Don’t Just Hire Anyone: 5 Important Factors in Choosing a Real Estate Agent

When you’re ready to buy your next home, you’ll want to build a dream team of professionals who can make the process seamless. Helping captain that team is a savvy real estate agent who understands exactly what kind of home you’re looking for and is eager to help you find it.

Because purchasing a home is such a huge financial decision, it’s a good idea to spend a little time researching and vetting real estate agents before hiring one.

An agent may come strongly recommended to you by a friend or family member. But before going on recommendation alone, it’s worth assessing if they’ll be a good fit for your unique needs.

Ready to start your search? Here are five qualities to look for in a top-notch real estate agent:

1. They have a strong pulse on market trends.

You want an agent who’s well-versed in real estate trends. Your real estate agent should be able to confidently discuss what type of inventory is available in your price range and the average number of days properties are staying on the market in the neighborhoods you’re looking to buy.

In your initial discussions, ask prospective agents how many homeowners they’ve gotten to the closing table in the last year.

Another important point to bring up in initial discussions? Ask about the agent’s sale-to-list ratio. A sale-to-list ratio compares the selling price of a home (how much a buyer actually paid) versus how much it was last listed for (what the seller was hoping to get).

The ratio is calculated by dividing the sale price by the most recent listing price. For example, if a house is listed for $100,000 and the agent helps negotiate the seller down to $70,000, their sale-to-list ratio on the home is 70%.

A quality real estate agent will ensure that their clients get the best deal possible, often resulting in a lower ratio.

Note that ratios are highly dependent on your housing market. In some markets, it’s rare to pay below listing price for a home. So make sure you understand your market before using a sale-to-list ratio to choose your real estate agent.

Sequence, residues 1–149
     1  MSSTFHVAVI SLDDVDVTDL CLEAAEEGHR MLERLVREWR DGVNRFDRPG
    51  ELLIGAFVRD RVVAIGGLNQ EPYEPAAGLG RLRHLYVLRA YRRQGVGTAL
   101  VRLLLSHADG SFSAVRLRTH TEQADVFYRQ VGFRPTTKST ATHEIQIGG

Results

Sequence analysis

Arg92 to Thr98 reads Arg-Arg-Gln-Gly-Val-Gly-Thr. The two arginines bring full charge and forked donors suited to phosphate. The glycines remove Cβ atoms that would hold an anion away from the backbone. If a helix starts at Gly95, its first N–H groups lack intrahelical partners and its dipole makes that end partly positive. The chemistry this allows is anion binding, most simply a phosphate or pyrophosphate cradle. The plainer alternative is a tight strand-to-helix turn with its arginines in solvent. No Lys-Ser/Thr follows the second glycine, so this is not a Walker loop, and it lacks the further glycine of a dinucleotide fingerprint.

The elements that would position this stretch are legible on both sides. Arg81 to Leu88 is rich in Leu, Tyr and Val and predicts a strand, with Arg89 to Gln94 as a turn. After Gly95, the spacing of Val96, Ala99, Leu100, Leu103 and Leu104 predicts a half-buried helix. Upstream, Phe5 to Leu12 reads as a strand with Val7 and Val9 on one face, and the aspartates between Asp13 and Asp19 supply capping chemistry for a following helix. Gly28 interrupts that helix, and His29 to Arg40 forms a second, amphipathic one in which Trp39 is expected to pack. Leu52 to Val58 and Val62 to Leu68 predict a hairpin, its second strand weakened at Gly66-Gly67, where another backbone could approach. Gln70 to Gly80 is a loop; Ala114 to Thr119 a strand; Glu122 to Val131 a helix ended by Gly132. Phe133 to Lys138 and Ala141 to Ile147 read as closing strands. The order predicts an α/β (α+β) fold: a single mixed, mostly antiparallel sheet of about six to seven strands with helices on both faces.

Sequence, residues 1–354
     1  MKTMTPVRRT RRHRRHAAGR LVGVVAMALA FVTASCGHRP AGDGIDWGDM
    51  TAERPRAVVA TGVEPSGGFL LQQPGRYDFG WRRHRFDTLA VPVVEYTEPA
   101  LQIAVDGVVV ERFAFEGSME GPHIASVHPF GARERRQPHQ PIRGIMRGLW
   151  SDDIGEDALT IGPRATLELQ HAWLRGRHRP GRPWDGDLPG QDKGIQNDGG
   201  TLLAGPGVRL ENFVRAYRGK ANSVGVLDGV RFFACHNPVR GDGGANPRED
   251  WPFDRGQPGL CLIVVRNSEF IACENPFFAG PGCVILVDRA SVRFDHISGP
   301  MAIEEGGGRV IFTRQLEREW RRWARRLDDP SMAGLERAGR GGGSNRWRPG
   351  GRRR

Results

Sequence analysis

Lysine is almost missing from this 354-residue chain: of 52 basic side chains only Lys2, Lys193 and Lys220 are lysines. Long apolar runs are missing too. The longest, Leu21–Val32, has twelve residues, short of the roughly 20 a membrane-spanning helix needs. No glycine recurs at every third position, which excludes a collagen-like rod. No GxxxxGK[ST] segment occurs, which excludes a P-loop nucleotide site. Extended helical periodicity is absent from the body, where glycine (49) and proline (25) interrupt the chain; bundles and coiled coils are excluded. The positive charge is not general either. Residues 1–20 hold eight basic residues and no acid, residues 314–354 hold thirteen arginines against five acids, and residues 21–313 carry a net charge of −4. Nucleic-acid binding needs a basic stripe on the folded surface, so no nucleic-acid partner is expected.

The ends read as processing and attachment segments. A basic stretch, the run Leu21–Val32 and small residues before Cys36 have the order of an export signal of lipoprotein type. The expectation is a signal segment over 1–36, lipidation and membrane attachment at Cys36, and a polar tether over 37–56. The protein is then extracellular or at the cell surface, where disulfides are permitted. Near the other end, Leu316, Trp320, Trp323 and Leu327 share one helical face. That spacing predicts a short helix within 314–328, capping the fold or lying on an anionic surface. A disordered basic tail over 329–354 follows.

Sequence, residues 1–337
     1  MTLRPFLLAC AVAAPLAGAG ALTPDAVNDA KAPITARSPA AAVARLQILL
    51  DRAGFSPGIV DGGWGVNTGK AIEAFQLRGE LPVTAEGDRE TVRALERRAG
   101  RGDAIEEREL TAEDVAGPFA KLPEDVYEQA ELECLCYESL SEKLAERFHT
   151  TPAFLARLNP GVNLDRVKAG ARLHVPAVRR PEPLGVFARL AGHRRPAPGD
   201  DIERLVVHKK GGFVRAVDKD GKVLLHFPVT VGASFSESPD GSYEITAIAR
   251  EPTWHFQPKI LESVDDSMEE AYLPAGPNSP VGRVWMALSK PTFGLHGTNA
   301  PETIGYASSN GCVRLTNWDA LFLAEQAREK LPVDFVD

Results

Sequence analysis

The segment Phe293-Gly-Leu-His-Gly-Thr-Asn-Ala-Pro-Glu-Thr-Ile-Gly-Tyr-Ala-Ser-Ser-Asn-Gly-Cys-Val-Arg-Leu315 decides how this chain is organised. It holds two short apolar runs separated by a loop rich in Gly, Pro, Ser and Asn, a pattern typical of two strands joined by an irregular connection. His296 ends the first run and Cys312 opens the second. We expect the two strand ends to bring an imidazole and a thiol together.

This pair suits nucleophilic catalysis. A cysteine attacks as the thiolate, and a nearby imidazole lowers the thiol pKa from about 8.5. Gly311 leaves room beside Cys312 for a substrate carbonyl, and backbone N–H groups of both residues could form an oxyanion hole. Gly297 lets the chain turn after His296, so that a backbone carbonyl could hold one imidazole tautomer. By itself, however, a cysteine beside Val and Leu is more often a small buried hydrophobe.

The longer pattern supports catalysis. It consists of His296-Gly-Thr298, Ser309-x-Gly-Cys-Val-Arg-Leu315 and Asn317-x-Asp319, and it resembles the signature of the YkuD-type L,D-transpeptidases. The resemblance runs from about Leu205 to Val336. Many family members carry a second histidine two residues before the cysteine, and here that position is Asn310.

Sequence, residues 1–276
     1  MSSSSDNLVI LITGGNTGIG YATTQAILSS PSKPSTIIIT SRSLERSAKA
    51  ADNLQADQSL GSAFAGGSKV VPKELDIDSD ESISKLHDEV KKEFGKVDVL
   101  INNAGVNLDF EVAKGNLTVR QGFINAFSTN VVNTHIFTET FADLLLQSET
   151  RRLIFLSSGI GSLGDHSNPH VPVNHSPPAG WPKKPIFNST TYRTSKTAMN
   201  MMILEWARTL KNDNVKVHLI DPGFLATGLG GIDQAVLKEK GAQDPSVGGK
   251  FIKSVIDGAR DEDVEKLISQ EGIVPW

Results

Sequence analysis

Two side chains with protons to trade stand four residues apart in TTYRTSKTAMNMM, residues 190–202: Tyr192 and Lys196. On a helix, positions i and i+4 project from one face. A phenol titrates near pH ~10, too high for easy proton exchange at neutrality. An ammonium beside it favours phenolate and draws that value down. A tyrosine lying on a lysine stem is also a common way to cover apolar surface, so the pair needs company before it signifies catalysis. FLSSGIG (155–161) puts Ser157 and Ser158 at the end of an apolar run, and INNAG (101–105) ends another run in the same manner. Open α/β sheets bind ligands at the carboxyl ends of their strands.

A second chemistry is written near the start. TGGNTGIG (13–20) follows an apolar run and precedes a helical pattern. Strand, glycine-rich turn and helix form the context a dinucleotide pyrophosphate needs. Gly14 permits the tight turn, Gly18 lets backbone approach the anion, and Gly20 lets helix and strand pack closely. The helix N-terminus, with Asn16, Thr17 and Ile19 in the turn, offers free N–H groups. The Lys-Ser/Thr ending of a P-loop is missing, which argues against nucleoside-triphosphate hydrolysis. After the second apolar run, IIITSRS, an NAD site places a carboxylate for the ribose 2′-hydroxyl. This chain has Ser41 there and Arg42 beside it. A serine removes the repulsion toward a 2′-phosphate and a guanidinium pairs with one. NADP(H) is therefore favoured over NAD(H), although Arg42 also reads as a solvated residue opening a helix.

2. They know the neighborhoods well.

Once you’ve narrowed down your housing search to a specific area, you’ll want to go with a real estate agent who knows your target neighborhoods inside and out.

Can your prospective agent answer questions about the surrounding school districts and whether there are any upcoming HOA assessments in various neighborhoods? Do they know at what percentage of listing price houses in the neighborhood usually sell?

If you’re new to an area, can your agent give you a feel for the community, including which parks are popular nearby, what restaurants are opening up soon, what your morning commute will look like or what kind of volunteer groups you could join?

These are important questions — make sure whoever you hire can adequately answer them!

3. They come with rave reviews.

If you were going to make a hire at your place of work, you’d expect candidates to have a resume and references, right? That’s a fair expectation to have of real estate agents, too, since they’re looking to work on your behalf.

Ask your prospective agent out for coffee or schedule a phone call. Find out if they’re a member of a local real estate agent association, how long they’ve worked in the area, and if they’ve ever received any awards or acknowledgments. And always ask for references.

Did you know that according to the National Association of Realtors®, almost three-quarters of buyers would use their agent again or recommend their agent to others?

When people have a good home-buying experience, they care about the continued success of their agent and are likely willing to serve as references.

You can ask references questions such as:

  • Did the agent listen to you and understand the type of home you wanted? Did they work to find homes that would fit your needs?
  • What’s the agent’s communication style? How quickly does he or she return your calls or text messages?
  • Did you ever feel rushed into making a decision? How many homes did you look at before making an offer?
  • Were there any challenges that came up in the home buying process and how did the agent navigate them?
  • Would you hire this real estate agent again?

4. They have the right credentials for your needs.

Beyond a license, some real estate agents earn credentials or affiliations that help them carve out a niche.

For example, a Senior Real Estate Specialist® has completed training that helps them better serve those who are 50 years and older. An Accredited Buyer’s Representative® has gone through extra training in representing buyers in real estate transactions. Agents who have a Certified Luxury Home Marketing Specialist™ are well versed in the luxury market.

Consider choosing a real estate agent with special training that can serve your individual home buying needs.

5. They have time for you.

One final question: Go ahead and ask how many other buyers your prospective real estate agent is working with presently.

Do they have enough time to invest in your property search? Are they available on the weekends to show you open houses?

You deserve to have an agent who takes your housing search seriously and is ready to act swiftly when you’re ready to buy.